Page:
The large increase in government debt that we are witnessing across many countries have raised questions about the adjustment that will be necessary to bring those levels back to normal.
As much as the projected increases in debt are large for many governments, we have seen these high levels in the past and in some cases adjustments towards lower levels of debt have been fairly smooth and have taken place over a relatively short period of time. One of these examples is Ireland in the 1996 to 2006 period. During those years government debt was reduced from over 100% of GDP to about 20%. Fiscal discipline during those years helped, but what was more important was to have a fast-growing economy that made the level of debt shrink in relation to GDP. None of the advanced economies (the US, the Euro area) will be able to replicate the growth rates of Ireland in those 10 years but the message is clear: without healthy growth, bringing down debt to GDP ratios will be impossible (and Japan is a good example of what to expect if growth does not return).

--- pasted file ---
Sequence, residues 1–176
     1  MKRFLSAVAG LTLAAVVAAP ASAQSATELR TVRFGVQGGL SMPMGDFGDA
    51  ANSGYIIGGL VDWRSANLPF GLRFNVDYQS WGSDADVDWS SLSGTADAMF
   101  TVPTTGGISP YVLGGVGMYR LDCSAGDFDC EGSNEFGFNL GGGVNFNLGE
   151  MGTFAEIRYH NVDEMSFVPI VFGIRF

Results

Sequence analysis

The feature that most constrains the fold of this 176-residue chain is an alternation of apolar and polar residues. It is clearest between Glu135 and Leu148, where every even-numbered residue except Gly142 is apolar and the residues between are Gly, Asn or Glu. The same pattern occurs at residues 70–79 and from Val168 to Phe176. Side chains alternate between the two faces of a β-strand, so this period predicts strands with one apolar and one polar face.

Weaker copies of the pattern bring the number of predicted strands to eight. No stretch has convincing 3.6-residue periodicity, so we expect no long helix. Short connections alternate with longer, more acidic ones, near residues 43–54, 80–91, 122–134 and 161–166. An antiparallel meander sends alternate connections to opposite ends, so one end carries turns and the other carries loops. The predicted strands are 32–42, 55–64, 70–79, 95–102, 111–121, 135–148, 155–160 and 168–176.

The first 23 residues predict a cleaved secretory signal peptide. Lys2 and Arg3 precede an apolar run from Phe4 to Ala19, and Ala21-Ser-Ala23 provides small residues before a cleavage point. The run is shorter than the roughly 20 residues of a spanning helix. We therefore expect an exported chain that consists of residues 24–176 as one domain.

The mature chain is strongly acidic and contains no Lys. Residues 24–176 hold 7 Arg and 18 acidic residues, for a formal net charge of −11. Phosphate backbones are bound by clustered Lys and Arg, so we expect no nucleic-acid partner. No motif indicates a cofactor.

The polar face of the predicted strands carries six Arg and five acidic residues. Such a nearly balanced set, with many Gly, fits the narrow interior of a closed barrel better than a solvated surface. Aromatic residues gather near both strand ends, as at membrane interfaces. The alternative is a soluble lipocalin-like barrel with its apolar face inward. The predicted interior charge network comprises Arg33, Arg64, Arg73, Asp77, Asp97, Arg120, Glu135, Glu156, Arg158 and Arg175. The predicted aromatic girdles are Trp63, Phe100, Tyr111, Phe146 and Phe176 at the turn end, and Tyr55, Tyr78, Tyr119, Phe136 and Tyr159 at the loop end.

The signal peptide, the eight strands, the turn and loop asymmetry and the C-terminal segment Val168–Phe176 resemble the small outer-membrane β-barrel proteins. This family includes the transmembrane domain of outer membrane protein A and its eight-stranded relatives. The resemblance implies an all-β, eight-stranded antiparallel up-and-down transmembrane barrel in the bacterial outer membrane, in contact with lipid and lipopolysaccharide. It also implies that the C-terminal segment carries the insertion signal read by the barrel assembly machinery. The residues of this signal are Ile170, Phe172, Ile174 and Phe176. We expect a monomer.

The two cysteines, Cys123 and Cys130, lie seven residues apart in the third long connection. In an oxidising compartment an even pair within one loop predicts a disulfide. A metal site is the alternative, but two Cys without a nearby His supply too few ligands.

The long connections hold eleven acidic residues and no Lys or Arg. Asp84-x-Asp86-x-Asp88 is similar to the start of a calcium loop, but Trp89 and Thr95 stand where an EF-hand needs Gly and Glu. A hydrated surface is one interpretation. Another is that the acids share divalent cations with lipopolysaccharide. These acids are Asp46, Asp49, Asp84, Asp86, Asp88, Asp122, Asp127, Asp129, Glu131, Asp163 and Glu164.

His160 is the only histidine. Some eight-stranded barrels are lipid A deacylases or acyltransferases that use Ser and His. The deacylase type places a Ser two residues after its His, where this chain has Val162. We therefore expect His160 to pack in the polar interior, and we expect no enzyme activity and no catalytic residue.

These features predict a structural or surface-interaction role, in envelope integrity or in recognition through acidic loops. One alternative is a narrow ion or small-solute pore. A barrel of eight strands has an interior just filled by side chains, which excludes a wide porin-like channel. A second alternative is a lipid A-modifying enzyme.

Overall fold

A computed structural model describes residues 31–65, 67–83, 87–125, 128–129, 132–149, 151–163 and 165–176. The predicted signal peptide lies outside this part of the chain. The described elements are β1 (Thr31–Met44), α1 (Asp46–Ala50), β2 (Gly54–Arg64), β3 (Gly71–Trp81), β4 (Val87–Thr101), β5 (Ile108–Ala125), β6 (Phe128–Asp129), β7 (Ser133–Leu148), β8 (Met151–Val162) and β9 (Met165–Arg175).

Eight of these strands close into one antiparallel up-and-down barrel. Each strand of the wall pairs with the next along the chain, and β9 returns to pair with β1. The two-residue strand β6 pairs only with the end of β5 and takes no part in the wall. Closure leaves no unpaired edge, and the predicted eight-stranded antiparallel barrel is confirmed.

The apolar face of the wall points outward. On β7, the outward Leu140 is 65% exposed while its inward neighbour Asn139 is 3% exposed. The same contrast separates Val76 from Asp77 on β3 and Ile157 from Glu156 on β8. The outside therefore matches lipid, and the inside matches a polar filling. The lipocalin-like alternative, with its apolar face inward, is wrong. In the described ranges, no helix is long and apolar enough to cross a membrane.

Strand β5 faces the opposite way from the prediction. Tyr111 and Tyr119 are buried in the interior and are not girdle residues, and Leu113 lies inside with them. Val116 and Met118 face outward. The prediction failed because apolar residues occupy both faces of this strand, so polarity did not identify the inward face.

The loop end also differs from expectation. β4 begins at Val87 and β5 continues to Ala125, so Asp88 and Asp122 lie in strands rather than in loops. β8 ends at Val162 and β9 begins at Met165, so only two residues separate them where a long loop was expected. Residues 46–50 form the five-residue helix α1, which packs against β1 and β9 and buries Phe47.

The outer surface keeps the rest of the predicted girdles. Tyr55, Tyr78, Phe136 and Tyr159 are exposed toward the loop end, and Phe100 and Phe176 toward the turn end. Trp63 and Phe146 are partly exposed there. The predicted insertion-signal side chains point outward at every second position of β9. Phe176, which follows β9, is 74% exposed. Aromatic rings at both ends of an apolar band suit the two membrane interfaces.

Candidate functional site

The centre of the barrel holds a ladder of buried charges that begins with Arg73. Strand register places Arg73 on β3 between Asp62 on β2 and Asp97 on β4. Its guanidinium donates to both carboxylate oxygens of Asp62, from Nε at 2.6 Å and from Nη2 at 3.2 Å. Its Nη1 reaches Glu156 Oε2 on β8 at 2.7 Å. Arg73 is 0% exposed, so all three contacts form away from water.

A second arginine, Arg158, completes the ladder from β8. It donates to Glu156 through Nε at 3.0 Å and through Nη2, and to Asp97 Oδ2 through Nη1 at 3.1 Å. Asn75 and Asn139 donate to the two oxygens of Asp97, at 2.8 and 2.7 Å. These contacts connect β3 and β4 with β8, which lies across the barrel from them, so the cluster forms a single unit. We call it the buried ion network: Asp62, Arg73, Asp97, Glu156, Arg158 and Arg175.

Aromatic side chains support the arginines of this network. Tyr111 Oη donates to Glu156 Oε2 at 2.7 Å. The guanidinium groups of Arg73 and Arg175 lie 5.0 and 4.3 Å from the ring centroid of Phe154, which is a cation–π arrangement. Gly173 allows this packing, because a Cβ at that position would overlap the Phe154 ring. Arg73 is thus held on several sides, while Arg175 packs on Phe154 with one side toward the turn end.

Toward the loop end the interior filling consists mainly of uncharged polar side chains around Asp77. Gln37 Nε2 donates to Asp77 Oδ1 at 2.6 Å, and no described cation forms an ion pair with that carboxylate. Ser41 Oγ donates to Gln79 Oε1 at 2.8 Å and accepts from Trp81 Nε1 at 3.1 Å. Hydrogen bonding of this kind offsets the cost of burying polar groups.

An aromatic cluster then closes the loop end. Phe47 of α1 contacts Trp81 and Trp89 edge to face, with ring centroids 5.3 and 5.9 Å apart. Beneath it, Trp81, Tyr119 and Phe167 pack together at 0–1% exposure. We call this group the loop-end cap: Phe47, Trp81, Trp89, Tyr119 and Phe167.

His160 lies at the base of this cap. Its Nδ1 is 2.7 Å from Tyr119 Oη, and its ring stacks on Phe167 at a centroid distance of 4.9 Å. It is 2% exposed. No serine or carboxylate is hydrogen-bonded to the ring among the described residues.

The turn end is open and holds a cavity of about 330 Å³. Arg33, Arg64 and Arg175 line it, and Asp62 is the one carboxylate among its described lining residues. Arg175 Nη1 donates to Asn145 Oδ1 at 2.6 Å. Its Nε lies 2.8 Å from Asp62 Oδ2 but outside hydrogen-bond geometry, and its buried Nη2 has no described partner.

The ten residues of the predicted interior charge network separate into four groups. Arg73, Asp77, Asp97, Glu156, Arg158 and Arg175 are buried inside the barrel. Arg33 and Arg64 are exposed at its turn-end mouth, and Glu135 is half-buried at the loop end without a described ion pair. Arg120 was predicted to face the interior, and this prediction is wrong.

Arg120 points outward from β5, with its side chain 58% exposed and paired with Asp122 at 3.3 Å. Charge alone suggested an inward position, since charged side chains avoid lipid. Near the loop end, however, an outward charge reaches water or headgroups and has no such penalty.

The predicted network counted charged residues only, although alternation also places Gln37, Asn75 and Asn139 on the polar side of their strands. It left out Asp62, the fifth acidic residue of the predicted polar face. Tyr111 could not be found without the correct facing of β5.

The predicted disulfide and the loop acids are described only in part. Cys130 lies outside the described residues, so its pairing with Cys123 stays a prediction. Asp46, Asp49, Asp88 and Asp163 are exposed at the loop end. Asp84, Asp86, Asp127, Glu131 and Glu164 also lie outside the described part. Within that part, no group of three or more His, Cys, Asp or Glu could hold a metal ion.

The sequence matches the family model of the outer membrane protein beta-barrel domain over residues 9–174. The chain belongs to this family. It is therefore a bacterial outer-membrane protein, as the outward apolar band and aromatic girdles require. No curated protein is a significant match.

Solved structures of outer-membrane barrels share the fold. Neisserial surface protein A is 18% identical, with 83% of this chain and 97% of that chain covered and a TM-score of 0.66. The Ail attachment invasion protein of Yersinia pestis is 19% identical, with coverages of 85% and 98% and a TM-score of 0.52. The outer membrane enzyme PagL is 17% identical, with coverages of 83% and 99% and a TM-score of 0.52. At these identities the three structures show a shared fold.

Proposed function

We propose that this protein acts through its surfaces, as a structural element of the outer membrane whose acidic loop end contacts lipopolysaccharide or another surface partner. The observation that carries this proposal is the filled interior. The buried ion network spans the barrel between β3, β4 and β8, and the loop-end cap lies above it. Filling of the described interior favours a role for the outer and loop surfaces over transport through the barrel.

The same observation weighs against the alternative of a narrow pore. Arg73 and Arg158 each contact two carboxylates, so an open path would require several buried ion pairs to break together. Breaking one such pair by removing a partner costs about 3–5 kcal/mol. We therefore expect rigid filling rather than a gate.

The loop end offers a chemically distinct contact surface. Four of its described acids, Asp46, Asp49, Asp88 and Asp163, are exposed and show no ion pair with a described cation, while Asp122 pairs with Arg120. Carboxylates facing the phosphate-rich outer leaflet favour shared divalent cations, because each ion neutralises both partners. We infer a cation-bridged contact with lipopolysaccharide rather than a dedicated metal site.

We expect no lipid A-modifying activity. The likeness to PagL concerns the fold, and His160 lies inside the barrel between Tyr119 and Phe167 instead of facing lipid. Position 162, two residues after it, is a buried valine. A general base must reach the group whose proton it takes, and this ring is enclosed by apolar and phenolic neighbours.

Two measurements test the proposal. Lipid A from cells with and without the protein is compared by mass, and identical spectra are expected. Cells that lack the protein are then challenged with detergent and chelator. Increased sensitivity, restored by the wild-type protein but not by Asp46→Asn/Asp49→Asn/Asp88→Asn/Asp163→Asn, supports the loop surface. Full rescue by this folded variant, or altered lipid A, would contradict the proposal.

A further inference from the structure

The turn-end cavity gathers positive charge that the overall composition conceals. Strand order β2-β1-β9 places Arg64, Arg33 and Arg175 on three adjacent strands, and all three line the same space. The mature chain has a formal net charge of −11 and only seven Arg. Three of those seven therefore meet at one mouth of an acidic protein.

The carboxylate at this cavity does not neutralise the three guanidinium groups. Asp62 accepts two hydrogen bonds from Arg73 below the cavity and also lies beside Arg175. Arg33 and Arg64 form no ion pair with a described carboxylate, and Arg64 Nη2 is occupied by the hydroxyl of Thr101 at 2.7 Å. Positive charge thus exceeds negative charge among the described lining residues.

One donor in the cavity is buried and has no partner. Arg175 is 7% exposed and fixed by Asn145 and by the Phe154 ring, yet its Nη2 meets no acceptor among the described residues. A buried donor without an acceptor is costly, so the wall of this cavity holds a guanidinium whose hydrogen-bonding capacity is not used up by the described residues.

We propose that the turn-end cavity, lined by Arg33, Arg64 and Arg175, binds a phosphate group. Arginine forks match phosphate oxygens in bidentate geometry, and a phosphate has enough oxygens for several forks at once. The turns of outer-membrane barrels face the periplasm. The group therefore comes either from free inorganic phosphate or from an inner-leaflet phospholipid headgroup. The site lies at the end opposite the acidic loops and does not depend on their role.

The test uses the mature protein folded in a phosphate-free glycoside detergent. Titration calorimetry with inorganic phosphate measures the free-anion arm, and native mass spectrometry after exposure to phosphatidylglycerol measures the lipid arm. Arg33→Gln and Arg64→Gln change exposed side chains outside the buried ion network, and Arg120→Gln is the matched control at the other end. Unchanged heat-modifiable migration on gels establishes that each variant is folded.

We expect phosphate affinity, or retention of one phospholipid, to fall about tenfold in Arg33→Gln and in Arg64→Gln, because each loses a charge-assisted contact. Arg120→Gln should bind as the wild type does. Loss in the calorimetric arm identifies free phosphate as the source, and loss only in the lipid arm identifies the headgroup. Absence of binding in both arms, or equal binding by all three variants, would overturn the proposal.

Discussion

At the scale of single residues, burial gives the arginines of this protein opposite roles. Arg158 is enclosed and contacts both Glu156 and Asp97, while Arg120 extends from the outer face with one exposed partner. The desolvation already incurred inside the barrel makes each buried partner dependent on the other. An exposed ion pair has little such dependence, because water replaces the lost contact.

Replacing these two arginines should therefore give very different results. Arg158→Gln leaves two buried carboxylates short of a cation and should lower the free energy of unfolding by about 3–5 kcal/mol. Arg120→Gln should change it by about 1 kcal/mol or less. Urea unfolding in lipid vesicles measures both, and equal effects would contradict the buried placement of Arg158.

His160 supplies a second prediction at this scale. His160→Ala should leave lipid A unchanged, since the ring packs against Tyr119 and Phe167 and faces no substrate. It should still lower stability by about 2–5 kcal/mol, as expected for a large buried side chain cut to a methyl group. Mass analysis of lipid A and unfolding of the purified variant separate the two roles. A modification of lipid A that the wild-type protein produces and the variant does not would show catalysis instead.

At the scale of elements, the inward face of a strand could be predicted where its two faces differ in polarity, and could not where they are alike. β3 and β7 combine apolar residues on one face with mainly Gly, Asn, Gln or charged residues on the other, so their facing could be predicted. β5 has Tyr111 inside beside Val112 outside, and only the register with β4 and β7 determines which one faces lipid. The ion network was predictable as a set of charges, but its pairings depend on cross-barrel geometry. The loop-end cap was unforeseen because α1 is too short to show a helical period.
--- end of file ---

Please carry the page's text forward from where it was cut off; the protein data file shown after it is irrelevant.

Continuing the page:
The Irish example is also a reminder of how important is to have a proper framework for long-term sustainability of public finances. While the reduction of the debt levels was very impressive, some of the contributing factors were of a cyclical nature but they were judged to be structural by the policy makers. Once the cycle changed and the surpluses turned into large deficits, debt levels increased and, in the case of Ireland, we are witnessing a return to the high levels of the early 90s.
As an example of how cyclical factors helped during those years, the chart below - from the Public Finances 2009 publication of the European Commission - shows how dependent the increase in taxes was on the boom in property taxes. At the peak in the real estate boom, property-related taxes accounted for close to 20% of all tax revenues. In 2008 they have gone down to 10%, a loss of about 3 percentage points of GDP. Ireland is not the only country that is suffering from this problem. Overoptimistic scenarios used during the expansion phase did not produce the necessary fiscal discipline that could have created the necessary space for the current fiscal expansion. Let's hope we get this right in the next expansion (whenever it starts).